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High-tax states bleed wealth

Newest interstate income migration data follows latest patterns

June 30, 2022

By Eric Piatek

The just released IRS data on interstate migration of income offers interesting insights into current migration patterns in the United States. The most recent data available to the public is for 2020. Despite being a pandemic year, 2020 followed trends seen in 2019 and years prior; states with large Taxpayer BurdensTM (as is shown below) continued to suffer mass out-migration of taxable income, while states viewed as tax havens have seen a large influx of income from other states. According to Truth in Accounting a Taxpayer Burden represents each taxpayer’s share of their state’s debt. 

The top five performers in net Adjusted Gross Income (AGI), calculated by taking inflow AGI minus outflow AGI, are Florida, Texas, Arizona, and North and South Carolina. These same five topped the charts in 2019–in the same order, no less. So, why have these states been performing so well in the past few years? To understand this, we must first understand who is migrating to these states.

In the case of Florida and South Carolina, the elderly population continues to grow in these states, providing both with a steady increase in taxable income. Florida, between 2019 and 2020, had a net gain in individual tax returns of over 81,000! Those aged 55 and older accounted for 57.1 percent of this increase with over 46,000 new returns for this age bracket! South Carolina shares a similar story, with 53.6 percent of its nearly 25,000 new returns coming from this same bracket. These two states continued their strong performance from 2019. Clearly they are seen as highly desirable by America’s elder population: in the past 10 years of available data, both states have surpassed the national average for population 75 or older, with Florida remaining well above the national average. The data shows that these states continue to bring in those nearly or already retired, growing the economies of both states.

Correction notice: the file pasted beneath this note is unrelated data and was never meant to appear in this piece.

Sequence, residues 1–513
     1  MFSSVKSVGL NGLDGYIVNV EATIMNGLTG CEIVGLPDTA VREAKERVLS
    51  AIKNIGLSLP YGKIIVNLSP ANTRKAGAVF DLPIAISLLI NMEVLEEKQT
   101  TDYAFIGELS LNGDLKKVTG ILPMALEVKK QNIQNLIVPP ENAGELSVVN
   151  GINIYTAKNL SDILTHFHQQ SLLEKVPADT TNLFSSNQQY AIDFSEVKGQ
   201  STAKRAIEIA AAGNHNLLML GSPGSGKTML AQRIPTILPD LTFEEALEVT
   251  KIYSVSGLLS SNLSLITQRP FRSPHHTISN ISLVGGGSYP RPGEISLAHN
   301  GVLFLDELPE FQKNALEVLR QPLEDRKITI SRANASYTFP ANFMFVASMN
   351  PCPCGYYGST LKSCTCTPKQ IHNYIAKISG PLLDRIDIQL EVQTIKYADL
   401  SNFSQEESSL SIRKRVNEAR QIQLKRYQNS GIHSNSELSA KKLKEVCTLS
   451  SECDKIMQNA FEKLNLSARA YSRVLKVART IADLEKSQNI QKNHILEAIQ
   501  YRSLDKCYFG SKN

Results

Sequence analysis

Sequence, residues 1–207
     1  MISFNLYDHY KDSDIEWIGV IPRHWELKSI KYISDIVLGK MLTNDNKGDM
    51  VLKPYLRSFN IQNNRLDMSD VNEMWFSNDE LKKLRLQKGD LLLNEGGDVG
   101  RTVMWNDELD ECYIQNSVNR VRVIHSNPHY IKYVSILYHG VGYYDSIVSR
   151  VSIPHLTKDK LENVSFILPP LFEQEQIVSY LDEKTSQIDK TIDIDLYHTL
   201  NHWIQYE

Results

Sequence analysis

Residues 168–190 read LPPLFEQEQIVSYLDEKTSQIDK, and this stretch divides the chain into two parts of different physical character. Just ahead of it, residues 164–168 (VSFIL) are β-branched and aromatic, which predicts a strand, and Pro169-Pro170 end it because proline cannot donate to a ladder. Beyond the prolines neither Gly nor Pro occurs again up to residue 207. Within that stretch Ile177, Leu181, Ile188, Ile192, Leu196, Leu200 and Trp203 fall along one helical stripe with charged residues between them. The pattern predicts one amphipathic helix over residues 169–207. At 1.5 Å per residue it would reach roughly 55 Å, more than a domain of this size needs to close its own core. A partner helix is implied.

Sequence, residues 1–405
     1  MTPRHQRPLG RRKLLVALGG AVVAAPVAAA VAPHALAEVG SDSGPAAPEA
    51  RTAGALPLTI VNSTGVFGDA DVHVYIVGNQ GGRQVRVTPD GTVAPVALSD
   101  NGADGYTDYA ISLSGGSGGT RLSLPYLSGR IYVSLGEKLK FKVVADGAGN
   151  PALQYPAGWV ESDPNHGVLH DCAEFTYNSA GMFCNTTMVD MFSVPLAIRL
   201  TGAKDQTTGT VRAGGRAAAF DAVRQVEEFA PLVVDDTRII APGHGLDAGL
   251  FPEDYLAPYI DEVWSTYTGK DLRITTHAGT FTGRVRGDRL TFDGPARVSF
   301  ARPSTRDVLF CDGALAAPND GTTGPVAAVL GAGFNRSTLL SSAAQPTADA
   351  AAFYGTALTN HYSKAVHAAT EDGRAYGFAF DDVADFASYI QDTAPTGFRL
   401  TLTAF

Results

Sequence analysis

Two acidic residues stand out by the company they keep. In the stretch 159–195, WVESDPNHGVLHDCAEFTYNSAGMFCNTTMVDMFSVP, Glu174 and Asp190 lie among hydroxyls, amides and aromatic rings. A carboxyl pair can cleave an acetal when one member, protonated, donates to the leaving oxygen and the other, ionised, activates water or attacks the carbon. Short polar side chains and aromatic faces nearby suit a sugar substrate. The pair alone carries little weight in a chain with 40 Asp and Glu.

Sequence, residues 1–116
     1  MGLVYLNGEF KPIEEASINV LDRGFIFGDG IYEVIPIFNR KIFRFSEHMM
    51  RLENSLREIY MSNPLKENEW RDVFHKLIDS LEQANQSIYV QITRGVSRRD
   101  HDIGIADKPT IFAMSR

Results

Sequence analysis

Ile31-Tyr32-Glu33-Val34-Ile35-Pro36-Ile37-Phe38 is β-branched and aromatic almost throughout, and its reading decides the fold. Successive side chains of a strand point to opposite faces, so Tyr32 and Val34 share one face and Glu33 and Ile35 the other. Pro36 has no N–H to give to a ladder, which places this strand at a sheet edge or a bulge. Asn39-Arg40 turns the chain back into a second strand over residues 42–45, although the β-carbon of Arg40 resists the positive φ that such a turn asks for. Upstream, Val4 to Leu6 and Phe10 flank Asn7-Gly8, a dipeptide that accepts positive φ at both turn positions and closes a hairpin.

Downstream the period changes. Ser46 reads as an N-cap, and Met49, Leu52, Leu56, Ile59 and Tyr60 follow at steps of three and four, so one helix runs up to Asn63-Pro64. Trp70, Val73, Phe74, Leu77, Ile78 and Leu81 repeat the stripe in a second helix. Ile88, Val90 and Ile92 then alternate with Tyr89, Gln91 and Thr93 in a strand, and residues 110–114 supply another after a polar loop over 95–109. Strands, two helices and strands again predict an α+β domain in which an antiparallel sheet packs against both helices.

Meanwhile, the other top performing states appear to have a sort of youthful renaissance as of late; Texas, Arizona and North Carolina each gained at least 35,000 new taxpayers in the past year due to a large influx of younger taxpayers. Of Texas’ over 60,000 new returns, nearly 49 percent came from those under the age of 35. In Arizona and North Carolina, new returns from younger taxpayers amounted to 30 and 35.5 percent respectively. A fair amount of their growth was from elders as well; they appear to be desirable places to retire, similar to Florida and South Carolina.

But why are segments of America’s population flocking to these states? There is always more than one factor, but one might be the business climate, as shown by the states’ overall performance in the SBE Council’s Small Business Policy Index (2019 data used as 2020 data not available). Of these five states, the top three performers all ranked within the top ten with Florida third, Texas second, and Arizona eighth. North and South Carolina came in at 15th and 20th, still respectable performances. When comparing their performance with the worst performers–New York, California, and Illinois–a stark difference can be seen.